Emerging Artisan, 2017-18 Cohort (Moccasin Maker/Weaver/Basket Maker)
One of the art skills I learned from Diné College and have continue to practice is the art form of Diné Sash Weaving. For over 15 years, I have been weaving and enjoy making Diné Sashes (belts).
Currently I am a returning student of Diné College in the 3rd cohort of the Navajo Cultural Arts Certificate Program. The Navajo Cultural Arts Program (NCAP) has been a blessing and a gateway to furthering myself and my skills into the Native Art World and its environment. I am learning more about Navajo Art and their components to origin and cultural aspects. So far, I have added two new art forms to my belt: Moccasin Making (H. Walters) and Basket Making (T. Yellowhair). In addition to emphasizing in those areas, as part of our NIS132 Navajo Cultural Arts Materials and Resources class, we had scheduled several unique workshops throughout the 8 week session. We had a workshop on silversmithing, sumac collection, weaving tool making and, one of my favorites, wool dying.
In September 2017, Lorraine Herder and Edith Simonson drove in from their community of Hard Rock, AZ. As introductions rolled around, I came to find out these two passionate weavers are my paternal sisters through clan. At first glance, I took note to their humbleness as they walked through the campus, being well-mannered and both gentle-spoken & kind.
As the day started, Lorraine explained how she & her siblings were raised to tend to their livestock which was an everyday chore and was expected of them to maintain their family’s livelihood. One story she shared with our group was of her family, affected by the infamous Navajo-Hopi Land Dispute (1974); resulting in her family’s livestock being blocked from using watering holes, grazing pastures, and as well, a majority of the local vegetation that is used as part of their vegetation dyes, were also unattainable on the other side of the barbed wired fence placed directly through their homestead.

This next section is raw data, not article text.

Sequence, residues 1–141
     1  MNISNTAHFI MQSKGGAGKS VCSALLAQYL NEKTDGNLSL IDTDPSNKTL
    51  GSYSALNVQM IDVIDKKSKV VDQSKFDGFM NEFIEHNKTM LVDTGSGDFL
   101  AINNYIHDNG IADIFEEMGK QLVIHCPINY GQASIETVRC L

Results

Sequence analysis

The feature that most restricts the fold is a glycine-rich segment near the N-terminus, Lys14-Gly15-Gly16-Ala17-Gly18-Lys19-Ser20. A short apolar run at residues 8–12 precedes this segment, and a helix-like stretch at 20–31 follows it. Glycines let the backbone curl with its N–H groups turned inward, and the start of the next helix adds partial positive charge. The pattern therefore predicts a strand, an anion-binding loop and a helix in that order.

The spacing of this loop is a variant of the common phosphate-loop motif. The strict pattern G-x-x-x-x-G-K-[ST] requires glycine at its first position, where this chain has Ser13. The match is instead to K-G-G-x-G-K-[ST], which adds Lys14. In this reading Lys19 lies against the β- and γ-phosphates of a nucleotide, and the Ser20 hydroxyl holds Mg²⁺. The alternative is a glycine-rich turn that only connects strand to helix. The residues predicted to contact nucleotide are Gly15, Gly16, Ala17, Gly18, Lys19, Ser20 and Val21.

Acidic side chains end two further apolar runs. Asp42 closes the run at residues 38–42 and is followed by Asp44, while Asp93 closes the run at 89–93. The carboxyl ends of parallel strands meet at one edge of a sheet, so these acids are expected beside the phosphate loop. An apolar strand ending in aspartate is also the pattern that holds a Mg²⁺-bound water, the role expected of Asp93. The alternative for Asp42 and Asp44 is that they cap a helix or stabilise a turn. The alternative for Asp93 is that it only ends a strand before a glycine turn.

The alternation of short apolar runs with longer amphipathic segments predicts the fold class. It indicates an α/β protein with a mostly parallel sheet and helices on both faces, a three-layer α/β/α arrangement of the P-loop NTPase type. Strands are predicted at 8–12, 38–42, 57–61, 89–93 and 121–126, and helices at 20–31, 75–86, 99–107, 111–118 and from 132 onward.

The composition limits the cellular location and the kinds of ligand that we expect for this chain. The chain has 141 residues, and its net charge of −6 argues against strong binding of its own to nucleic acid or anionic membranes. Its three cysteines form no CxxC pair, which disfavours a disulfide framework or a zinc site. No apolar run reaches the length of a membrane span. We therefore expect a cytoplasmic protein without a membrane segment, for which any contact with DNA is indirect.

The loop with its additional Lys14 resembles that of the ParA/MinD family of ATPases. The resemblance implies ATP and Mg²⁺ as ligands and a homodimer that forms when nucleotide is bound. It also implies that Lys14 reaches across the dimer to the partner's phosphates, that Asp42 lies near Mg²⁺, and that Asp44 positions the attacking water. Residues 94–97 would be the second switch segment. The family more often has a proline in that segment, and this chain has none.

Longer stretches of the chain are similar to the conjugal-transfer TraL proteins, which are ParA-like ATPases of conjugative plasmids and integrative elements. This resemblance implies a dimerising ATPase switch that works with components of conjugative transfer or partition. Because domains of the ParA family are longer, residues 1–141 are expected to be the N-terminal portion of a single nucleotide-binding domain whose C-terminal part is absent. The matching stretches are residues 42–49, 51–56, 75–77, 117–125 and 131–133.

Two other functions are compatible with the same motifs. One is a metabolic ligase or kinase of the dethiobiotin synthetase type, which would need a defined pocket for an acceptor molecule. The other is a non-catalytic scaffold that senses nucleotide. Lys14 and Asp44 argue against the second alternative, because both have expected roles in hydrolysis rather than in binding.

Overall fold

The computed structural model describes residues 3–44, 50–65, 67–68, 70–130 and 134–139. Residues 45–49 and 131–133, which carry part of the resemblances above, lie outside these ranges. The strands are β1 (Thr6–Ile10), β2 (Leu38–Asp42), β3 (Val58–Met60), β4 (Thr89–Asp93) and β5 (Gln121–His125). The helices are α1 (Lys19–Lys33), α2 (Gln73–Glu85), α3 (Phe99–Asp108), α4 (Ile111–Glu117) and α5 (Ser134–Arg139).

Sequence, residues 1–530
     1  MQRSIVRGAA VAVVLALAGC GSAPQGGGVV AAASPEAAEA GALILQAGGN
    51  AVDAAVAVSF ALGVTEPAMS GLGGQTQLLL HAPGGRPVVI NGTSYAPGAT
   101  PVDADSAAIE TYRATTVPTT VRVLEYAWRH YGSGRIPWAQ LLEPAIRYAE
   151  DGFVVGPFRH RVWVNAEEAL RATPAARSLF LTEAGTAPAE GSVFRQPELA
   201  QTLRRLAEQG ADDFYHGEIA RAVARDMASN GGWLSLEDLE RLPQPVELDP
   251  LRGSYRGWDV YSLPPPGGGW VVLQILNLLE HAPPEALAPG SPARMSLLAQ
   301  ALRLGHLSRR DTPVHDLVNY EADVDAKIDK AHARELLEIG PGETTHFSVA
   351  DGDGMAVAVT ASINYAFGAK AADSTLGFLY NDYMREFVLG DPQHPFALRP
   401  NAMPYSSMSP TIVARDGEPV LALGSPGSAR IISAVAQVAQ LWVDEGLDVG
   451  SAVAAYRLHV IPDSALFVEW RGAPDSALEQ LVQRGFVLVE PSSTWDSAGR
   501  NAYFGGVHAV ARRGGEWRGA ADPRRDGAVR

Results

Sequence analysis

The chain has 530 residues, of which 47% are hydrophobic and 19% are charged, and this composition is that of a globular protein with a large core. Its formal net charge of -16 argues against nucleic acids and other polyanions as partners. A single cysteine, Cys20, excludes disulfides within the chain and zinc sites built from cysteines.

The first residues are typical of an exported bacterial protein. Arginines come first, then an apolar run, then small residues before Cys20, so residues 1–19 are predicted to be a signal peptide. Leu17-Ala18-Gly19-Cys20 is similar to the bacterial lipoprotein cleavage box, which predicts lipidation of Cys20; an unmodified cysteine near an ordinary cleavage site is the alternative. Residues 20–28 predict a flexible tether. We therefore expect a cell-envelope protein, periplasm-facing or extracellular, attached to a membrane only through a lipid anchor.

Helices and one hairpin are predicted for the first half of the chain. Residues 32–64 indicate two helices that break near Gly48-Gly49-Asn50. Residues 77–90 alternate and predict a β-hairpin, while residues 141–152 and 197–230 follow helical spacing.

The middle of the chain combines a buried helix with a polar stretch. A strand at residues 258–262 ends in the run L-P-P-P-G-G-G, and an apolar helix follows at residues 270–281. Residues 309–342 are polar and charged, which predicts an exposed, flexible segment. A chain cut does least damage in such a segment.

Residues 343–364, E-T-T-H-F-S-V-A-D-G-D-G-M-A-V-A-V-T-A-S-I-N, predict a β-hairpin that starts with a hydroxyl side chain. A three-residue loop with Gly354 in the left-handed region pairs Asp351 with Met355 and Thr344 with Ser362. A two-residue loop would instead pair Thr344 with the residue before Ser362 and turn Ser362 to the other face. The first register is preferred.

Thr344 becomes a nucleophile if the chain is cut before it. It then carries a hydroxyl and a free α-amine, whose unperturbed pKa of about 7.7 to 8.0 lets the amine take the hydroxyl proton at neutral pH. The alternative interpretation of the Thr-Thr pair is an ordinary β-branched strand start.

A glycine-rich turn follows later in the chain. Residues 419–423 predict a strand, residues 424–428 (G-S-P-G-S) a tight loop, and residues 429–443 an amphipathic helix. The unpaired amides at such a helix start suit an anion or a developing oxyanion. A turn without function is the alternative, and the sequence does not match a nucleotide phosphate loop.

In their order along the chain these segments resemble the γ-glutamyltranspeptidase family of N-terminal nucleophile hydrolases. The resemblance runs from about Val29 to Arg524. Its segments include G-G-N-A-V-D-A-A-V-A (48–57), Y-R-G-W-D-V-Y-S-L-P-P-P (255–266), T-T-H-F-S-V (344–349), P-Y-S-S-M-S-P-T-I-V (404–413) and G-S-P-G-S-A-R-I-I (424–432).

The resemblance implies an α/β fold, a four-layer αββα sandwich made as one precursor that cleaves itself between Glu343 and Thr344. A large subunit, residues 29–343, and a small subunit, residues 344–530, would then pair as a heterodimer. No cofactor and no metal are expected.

Throughout the day, while the pots of water & plants continued to boil, there were brief instances we were able to just stand and speaks amongst ourselves. Speaking to her, I recall she mentioned that raising livestock and dying wool were both arduous tasks and that she did not weave on a full-time basis. She explained that she had a job that kept her away from home but when she did find the time, she went home to tend to her flock & when time allowed she dyed wool & wove rugs using her own processed wool.
When we questioned what plants, she was utilizing that day, she had a few she had picked prior to her arrival on campus. Surprisingly, when she arrived on campus, right where we stood she picked a prickly plant which turned out to be green Tumble Weed; which I remember nobody could remember the Navajo name for the plant she showed: Ch’ildeenini. She also mentioned that the process was through experimentation, using various plants and never knowing the end result of the final color.
Towards the end of the day, after skeins of wool were boiling for several hours, we watched while she inserted various hues of white & gray wool into the same dye baths, from which we witnessed as she pulled the skeins of wool out of their baths, the differences in vibrant, to not so vibrant colors. It was a time-consuming process and my hats off to the two presenters who made the process look so easy.